Epinephrine in Resuscitation: Curse or Cure?

Robert R Attaran; Gordon A Ewy


Future Cardiol. 2010;6(4):473-482. 

In This Article

Epinephrine Dosing

In animal studies, higher doses of epinephrine have been found to cause myocardial necrosis[48] and to be harmful in resuscitation.[49,50] Several human studies have evaluated higher doses of epinephrine in human cardiac arrest. Among children with in-hospital cardiac arrest, once standard-dose epinephrine had failed, rescue high doses of epinephrine did not alter ROSC or survival compared with a standard dose.[51]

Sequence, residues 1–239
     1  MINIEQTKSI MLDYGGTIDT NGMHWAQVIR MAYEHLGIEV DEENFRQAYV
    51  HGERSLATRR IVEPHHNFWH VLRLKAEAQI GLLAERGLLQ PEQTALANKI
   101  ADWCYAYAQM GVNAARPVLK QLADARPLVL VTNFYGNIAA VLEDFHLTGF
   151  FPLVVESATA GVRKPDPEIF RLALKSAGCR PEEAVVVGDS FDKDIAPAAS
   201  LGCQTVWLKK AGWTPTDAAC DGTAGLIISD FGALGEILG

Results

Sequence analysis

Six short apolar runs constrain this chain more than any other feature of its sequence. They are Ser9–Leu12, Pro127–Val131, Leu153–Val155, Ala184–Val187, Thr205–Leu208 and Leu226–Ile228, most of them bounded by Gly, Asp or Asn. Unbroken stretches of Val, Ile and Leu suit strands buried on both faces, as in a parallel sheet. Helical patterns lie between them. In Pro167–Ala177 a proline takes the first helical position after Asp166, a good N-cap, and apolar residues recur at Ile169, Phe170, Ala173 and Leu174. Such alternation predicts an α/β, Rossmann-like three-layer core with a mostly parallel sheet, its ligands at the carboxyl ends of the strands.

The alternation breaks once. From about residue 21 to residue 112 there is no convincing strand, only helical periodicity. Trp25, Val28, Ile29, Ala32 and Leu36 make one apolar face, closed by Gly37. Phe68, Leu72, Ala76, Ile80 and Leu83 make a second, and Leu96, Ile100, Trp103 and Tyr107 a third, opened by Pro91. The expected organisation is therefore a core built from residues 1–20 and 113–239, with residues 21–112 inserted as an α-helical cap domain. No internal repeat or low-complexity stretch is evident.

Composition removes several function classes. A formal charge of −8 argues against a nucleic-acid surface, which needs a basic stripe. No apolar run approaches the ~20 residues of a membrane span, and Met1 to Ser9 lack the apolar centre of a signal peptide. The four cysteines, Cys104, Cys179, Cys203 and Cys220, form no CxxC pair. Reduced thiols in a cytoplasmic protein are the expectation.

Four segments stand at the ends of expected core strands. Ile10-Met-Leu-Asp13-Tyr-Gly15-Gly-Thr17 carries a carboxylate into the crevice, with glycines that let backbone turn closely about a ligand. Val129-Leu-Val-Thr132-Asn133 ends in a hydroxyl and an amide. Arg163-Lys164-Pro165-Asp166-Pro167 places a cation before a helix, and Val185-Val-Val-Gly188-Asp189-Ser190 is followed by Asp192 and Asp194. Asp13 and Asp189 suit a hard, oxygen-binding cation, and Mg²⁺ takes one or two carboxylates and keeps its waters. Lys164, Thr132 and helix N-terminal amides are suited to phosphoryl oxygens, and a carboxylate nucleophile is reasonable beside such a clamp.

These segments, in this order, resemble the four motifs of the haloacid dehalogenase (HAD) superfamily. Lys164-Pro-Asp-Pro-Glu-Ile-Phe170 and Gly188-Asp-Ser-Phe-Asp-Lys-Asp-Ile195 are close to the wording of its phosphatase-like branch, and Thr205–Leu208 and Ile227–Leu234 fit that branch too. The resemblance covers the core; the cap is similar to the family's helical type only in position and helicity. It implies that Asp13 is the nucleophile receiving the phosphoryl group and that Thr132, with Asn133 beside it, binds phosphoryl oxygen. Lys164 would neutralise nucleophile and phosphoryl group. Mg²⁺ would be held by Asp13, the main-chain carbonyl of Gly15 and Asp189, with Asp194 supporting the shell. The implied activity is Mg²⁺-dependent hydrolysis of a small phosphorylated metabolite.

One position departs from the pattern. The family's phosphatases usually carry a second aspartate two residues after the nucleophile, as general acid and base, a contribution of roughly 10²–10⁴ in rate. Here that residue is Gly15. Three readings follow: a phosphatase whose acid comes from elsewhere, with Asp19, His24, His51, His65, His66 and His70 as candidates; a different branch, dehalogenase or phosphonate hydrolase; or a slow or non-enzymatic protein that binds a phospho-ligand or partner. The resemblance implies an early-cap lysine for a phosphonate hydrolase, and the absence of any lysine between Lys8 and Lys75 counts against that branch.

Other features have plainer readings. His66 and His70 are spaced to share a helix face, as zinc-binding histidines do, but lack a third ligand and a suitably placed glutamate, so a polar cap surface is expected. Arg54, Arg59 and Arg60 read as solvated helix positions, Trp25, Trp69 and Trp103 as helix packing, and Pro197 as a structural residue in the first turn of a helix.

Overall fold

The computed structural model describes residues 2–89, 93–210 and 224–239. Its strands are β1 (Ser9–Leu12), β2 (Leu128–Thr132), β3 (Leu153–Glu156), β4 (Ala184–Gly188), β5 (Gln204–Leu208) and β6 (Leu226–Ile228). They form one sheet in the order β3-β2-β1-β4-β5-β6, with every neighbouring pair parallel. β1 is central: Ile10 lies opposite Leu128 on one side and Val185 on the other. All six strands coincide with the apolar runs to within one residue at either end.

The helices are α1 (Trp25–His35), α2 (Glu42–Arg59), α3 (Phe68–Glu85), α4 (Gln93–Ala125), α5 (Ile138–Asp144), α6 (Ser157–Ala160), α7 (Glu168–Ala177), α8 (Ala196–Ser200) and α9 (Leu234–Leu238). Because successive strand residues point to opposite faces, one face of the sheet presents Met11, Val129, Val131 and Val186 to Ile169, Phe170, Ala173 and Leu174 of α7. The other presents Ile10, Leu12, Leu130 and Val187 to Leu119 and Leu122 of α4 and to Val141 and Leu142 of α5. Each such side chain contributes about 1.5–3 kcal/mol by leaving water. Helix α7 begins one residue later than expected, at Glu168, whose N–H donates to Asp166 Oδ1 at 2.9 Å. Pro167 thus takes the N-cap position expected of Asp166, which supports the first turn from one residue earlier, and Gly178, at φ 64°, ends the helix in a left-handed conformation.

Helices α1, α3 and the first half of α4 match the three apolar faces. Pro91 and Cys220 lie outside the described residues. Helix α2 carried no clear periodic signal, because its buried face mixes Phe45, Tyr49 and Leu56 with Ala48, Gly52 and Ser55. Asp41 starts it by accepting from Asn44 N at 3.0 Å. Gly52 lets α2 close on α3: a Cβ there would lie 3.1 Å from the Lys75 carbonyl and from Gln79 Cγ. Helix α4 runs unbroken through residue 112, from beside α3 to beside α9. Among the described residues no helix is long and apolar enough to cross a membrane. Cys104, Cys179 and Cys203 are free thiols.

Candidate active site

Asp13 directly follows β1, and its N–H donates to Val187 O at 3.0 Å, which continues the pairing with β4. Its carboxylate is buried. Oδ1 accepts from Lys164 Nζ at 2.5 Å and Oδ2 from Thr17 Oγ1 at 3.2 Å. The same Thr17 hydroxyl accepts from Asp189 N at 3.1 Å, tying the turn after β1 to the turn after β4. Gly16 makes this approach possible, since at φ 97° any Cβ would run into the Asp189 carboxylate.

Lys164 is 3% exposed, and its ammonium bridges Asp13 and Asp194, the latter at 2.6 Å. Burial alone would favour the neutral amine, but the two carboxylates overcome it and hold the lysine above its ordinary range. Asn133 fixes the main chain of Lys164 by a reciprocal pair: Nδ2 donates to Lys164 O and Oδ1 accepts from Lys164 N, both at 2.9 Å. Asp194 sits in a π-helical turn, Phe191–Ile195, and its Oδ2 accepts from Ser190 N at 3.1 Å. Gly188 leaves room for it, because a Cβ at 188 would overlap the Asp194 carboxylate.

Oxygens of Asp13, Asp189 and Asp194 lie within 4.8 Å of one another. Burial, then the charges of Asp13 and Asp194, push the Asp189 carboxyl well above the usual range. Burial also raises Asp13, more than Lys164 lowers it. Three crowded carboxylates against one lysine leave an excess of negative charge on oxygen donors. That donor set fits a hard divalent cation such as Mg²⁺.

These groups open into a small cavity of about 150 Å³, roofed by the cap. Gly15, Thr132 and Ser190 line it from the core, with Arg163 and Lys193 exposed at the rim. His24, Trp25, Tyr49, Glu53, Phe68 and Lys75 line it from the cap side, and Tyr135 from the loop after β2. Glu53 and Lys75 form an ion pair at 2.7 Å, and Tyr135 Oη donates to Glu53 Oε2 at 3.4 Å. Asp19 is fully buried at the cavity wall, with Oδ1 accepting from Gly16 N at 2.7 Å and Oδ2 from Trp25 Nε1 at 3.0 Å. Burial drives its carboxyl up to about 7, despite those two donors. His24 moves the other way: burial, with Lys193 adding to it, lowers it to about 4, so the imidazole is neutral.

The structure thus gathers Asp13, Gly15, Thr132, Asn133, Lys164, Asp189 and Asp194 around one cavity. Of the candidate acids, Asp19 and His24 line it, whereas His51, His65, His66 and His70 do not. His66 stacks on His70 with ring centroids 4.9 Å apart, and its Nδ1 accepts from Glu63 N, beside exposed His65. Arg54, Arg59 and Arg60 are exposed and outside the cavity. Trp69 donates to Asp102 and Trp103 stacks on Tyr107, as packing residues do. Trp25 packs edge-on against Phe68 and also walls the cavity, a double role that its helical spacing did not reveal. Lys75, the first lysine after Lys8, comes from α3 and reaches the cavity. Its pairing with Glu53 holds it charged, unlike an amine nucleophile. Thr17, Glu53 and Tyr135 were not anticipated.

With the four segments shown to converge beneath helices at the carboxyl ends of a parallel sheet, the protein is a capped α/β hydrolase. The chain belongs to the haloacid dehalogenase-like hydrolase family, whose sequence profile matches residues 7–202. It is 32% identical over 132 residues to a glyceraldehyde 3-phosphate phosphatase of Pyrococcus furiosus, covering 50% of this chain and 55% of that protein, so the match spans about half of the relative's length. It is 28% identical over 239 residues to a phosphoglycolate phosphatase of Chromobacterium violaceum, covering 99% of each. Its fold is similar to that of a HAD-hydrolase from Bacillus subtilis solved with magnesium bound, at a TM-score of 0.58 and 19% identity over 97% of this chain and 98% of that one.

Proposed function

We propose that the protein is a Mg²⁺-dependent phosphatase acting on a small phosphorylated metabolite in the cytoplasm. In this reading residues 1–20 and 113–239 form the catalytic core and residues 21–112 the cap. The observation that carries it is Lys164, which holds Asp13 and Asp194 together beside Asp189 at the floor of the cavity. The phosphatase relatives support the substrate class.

Woodhouse et al. evaluated 194 patients with cardiac arrest.[52] A total of 94 patients were randomized to receive two ampoules of 10 mg intravenous epinephrine 5–10 min apart versus 100 patients who received placebo. Both groups could subsequently be administered 1-mg doses of epinephrine, as per American Heart Association guidelines. In addition, 145 patients who met the inclusion criteria were not randomized, as the supervising medical staff chose to administer open-label 1 mg epinephrine ampoules rather than risk using placebo. Data from this group was retrospectively included in the analysis (as a registry). There was no significant difference in the rate of survival or hospital discharge between initial high-dose epinephrine versus placebo. The authors also found no difference in survival or hospital discharge in the open-label standard epinephrine (registry) group compared with the early high-dose epinephrine and early placebo groups. Despite the several limitations of this study, high-dose epinephrine is not recommended.


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